The School Counseling and Clinical Mental Health Counseling specializations are accredited by the Council for Accreditation of Counseling and Related Educational Programs (CACREP).

The Counseling Program utilizes benchmark assessments to determine whether candidates meet the standards required to enter the program, continue in the program and complete the program. A Clinical Instruction Benchmark Assessment (CIBA) is utilized to provide students (also referred to as candidates) with personal and professional development feedback, to assess progress in the program and to determine the student’s readiness for the transition to the practicum and fieldwork/internship portions of clinical instruction. The CIBA is completed prior to approval to register for the Counseling Practicum.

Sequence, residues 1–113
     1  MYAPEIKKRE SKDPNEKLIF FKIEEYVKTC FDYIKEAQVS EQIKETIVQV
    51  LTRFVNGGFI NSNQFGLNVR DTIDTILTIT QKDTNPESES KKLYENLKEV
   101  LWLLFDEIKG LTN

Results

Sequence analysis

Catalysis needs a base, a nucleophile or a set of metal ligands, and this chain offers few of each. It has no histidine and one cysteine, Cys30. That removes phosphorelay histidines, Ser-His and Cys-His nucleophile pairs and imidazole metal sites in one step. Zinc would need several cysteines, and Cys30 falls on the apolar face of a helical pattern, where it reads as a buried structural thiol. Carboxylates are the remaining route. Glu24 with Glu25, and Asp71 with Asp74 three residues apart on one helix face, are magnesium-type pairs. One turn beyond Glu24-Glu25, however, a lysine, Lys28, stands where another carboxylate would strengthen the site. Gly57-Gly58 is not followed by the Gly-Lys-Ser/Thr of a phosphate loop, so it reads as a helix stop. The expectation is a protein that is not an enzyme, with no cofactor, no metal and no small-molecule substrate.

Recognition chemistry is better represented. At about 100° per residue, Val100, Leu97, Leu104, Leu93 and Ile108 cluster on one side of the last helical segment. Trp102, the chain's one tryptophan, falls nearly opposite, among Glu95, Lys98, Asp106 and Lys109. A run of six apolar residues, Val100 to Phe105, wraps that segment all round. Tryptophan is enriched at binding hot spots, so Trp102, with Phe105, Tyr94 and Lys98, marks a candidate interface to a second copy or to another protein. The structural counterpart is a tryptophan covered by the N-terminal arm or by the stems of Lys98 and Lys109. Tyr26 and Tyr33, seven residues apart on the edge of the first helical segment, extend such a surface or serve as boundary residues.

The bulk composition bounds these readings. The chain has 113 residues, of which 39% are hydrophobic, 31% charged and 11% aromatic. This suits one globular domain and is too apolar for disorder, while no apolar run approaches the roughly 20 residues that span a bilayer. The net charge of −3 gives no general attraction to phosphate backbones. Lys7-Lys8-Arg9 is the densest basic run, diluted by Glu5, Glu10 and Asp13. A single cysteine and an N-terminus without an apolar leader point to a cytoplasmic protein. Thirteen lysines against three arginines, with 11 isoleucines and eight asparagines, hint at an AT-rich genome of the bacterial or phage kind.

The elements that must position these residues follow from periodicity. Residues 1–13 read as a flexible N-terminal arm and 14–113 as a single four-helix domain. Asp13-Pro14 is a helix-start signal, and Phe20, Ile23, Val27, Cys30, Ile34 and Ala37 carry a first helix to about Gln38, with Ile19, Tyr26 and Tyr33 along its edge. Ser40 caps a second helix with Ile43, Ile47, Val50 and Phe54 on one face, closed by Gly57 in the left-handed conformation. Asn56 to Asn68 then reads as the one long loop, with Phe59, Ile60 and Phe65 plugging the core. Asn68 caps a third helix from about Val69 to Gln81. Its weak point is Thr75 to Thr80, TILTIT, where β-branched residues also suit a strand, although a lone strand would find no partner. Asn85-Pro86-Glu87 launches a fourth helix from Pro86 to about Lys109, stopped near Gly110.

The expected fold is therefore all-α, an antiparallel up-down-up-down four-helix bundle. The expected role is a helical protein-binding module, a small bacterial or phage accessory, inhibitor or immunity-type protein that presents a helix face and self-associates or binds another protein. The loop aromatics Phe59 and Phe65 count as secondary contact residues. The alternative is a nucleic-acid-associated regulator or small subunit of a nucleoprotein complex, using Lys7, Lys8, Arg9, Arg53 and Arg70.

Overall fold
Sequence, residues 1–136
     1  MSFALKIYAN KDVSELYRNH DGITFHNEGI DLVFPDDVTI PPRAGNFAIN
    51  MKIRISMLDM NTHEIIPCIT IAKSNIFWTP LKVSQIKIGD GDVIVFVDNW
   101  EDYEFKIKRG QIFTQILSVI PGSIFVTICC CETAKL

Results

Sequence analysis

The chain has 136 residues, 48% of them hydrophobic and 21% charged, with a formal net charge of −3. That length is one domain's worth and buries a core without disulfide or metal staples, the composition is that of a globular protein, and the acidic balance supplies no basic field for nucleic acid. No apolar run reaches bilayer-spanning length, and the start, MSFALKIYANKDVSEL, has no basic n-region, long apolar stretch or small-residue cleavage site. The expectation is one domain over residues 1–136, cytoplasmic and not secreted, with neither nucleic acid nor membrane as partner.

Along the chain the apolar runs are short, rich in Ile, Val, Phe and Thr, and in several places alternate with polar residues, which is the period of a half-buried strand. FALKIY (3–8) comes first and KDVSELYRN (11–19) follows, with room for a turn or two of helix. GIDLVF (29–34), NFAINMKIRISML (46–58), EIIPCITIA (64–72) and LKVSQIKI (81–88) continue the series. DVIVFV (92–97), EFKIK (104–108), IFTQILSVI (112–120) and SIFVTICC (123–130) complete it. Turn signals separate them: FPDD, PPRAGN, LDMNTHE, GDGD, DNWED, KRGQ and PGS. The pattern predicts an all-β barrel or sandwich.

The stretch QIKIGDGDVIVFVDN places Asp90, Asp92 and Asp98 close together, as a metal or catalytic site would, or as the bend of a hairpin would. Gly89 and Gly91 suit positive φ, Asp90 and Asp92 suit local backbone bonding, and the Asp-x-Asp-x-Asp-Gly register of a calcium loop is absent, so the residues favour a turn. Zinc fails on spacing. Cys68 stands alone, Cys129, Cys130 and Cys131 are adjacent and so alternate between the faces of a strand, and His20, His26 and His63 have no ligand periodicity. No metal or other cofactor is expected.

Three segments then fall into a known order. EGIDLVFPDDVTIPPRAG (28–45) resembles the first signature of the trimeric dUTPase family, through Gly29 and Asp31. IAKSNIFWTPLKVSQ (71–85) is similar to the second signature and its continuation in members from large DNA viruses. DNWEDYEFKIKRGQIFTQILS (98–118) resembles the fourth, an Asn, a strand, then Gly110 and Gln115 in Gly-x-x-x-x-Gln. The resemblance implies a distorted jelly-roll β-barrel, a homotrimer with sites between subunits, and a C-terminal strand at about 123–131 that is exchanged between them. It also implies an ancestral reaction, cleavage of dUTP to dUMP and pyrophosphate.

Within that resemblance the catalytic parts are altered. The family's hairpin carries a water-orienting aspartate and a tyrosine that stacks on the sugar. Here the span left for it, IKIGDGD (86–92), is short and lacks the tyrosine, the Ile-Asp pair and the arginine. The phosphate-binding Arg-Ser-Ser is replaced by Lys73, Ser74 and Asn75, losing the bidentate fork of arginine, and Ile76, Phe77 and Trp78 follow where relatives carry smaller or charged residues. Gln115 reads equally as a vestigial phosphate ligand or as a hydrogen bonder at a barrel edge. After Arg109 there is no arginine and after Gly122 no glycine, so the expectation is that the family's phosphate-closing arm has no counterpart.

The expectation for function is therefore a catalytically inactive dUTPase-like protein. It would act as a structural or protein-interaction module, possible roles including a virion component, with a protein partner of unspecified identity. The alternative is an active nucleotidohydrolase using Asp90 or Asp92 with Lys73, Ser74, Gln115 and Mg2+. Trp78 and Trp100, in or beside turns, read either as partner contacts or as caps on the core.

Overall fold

The Counseling Program has a chapter of Chi Sigma Iota — the International Academic and Professional Honor Society for counseling — which students are eligible to join after completing at least nine units of graduate courses with a minimum of a 3.5 GPA.

School districts, community colleges and universities, career centers, community agencies, government and business organizations and private and public clinical settings in San Diego, all over the country and around the world, employ graduates of the Counseling Program. In addition, many of our graduates have gone on to doctoral programs in counseling psychology, counselor education, educational leadership, educational psychology and related fields.